The Friends of St. Peter's Berkhamsted

Friends of St Peter's, Great Berkhamsted

William Key (1807 – 1890)


 
Grave Number 7

William Key 31st October 1807 – 27th February 1890 

William Key was born on 6 October 1807 in Berkhamsted. He had two brothers and two sisters. A successful timber merchant, he died, unmarried, in January 1890 in his hometown, having lived a long life of 82 years.

The family lived close to the Hall and William Claridge (14) at the east end of town. William Key’s father was born in Shotswell, Warwickshire and had settled in Berkhamsted having finished working as a fencing contractor on the London to Birmingham railway. He established a successful timber business (William Key & Son) on the canal wharf and by 1851, was employing 22 men.

William (senr.) died in 1854, aged 78, and his son took over the business. As well as importing timber along the canal, he also bought large quantities of trees in the neighbourhood and converted them in his yard.

As William never married, he employed housekeepers. Emma Wilson, aged 48 and a widow, was living with him as a servant in 1881, and three years later was convicted of theft of a sovereign and sent to prison. The case illustrated that William was perhaps somewhat miserly, keeping money in a box in his bedroom. (Hertford Mercury 12th July 1884)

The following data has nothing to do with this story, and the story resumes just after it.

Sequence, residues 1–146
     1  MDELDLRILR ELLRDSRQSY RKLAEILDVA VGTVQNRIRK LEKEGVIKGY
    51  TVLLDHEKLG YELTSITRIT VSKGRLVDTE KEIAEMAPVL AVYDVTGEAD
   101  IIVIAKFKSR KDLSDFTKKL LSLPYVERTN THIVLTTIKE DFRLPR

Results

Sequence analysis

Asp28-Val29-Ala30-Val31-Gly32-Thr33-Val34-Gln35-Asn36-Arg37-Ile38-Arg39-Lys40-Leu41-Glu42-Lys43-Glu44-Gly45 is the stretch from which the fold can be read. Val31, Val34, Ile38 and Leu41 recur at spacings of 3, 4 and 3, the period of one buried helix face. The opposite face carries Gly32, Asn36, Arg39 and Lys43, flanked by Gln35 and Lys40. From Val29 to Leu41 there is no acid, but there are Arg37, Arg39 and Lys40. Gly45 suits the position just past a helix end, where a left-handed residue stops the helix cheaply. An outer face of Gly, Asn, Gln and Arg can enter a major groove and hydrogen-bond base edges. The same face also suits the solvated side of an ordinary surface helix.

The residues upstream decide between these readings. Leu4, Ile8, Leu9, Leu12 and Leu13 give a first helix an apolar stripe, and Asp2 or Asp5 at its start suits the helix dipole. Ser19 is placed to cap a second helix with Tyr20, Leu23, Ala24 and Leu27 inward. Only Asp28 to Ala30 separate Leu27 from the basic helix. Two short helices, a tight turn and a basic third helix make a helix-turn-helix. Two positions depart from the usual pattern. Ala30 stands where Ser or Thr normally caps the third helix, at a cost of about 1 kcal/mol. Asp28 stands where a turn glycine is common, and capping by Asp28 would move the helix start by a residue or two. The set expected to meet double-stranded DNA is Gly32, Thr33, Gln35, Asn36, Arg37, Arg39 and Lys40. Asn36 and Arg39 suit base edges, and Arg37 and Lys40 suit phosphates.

For when William died in 1890, his property was valued at around £12,000. Thomas Norris, his nephew, took over the business, retaining the name William Key & Son, and moved it to Castle Street, next to the canal on the site later occupied by Alsfords (and where the Totem Pole is situated). One of Thomas’ son’s, William Key Norris, is also buried in the Cemetery (52).

The stability of William Key’s memorial, together with 6 & 8, was affected when the wall behind collapsed onto it in 2012. The headstone fell over entirely on the night of 3rd April 2018.  This is one of the 19 memorials which was conserved in 2018.


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